An example of a quotient space, I

It is well known that in a compact Hausdorff space, if every point in the space is a G_\delta point, then the space is first countable (see The cardinality of compact first countable spaces, II). Outside of compact spaces, this is not true. We present an example of a space where every point is a G_\delta point but has no countable local base at any one point. This is an opportunity to introduce the notion of quotient space. Our example can be viewed as the image of a first countable space under a quotient map. We first define the example and then present a brief discussion of quotient spaces.

Let \mathbb{N} be the set of all positive integers. Let W=\left\{\frac{1}{n}: n \in \mathbb{N}\right\}. Let S_1=\mathbb{N} \times W and S_2=\mathbb{N} \times \left\{0\right\}. Consider X=S_1 \cup S_2 as a subspace of the Eucliean plane. In the Euclidean topology, each point is S_1 is isolated and an open neighborhood at each point (i,0) in S_2 is of the form:

    \left\{(i,0)\right\} \cup \left\{(i,\frac{1}{k}):k \ge n\right\} for some n \in \mathbb{N}

We use X to define a space Y by considering S_2 as one point (call this point p). Thus Y=S_1 \cup \left\{p\right\}. Points in S_1 remain isolated. An open neighborhood of p is of the form \left\{p\right\} \cup U^- where U^-=U-S_2 and U is a Euclidean open subset of X such that S_2 \subset U.

To facilitate the discussion, we describe the open sets at the point p in more details. Let \mathbb{N}^{\mathbb{N}} be the set of all functions f:\mathbb{N} \mapsto \mathbb{N}. For each i \in \mathbb{N} and j \in \mathbb{N}, let V_{i,j}=\left\{(i,\frac{1}{k}): k \ge j\right\}. An open neighborhood of p is of the following form:

    B_f=\left\{p\right\} \cup \bigcup \limits_{i=1}^{\infty} V_{i,f(i)}

To describe in words, each open neighborhood at p is obtained by removing finitely many points in each vertical segment V_{i,1}.

The resulting space Y is not first countable. We show that any countable set of open neighborhoods at p cannot be a local base at p. To this end, we consider B_{f_1},B_{f_2},B_{f_3},\cdots where each f_i \in \mathbb{N}^{\mathbb{N}}. We wish to find an open set O such that p \in O and each B_{f_i} is not a subset of O.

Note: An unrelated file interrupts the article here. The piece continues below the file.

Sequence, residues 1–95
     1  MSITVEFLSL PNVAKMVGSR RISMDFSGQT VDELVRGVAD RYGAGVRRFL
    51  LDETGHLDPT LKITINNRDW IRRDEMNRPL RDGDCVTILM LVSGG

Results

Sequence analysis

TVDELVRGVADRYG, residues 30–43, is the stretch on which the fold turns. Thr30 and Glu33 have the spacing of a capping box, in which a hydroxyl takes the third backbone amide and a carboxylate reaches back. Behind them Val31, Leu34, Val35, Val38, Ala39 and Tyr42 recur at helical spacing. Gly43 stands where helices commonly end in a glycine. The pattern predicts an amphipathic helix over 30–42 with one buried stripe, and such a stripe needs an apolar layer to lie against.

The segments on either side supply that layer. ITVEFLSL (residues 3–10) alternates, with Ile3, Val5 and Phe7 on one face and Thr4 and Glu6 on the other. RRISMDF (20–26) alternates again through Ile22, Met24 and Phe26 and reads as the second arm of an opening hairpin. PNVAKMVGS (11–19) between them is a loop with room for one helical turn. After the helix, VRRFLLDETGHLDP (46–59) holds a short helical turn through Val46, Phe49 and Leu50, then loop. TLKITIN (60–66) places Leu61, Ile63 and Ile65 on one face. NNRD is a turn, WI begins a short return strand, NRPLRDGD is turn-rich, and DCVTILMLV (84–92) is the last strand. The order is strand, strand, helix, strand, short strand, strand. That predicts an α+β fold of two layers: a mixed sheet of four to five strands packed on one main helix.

For each i \in \mathbb{N}, pick some g(i) \in \mathbb{N} such that g(i)>f_i(i). Consider O=B_g. Note that for each i \in \mathbb{N}, (i,\frac{1}{f_i(i)}) \in B_{f_i} and (i,\frac{1}{f_i(i)}) \notin O=B_g. This shows that no countable number of open neighborhoods can form a base at the point p.

However, every point in the space Y is a G_\delta point. For the point p, we have \left\{p\right\}=\bigcap \limits_{i=1}^\infty B_{h_i} where h_i \in \mathbb{N}^{\mathbb{N}} is a constant function mapping to i.

Quotient Spaces
We now present one definition of quotient spaces. Let (X,\tau) be a topological space. Let q:X \mapsto Y be a surjection, i.e. q(X)=Y. Consider the following collection of subsets of Y:

    \tau_q=\left\{O \subset Y: q^{-1}(O) \text{ is open in }X\right\}

The set \tau_q is a topology for the set Y. With this topology \tau_q on Y, the function q is continuous. In fact, \tau_q is the finest (largest or strongest) topology on Y that makes the function q continuous, i.e. if \tau_1 is another topology on Y making q a continuous function, then \tau_1 \subset \tau_q.

The topology \tau_q is called the quotient topology induced on Y by the mapping q. When Y is given such a quotient topology, it is called a quotient space of X (most of the times just called quotient space). The induced map q is called a quotient map. If Y has a quotient topology defined by a quotient map, then Y is said to be the quotient image of X. We plan to discuss quotient space and quotient topology in greater details in this blog. For further information, see [2].

In the example discussed in this post, the quotient map is to map each point in S_1 to itself and to map each point in S_2 to a single point p. In essence, we collapse the whole x-axis S_2 into one single point. The open sets for the point p are simply the Euclidean open sets containing S_2. This example shows that the quotient image of a first countable space needs not be first countable. Though the quotient image of a first countable space may not be first countable, it has the property that sequences suffice to define the topology (these are called sequential spaces, see [1]).


  1. Engelking, R. General Topology, Revised and Completed edition, 1989, Heldermann Verlag, Berlin.
  2. Willard, S., General Topology, 1970, Addison-Wesley Publishing Company.

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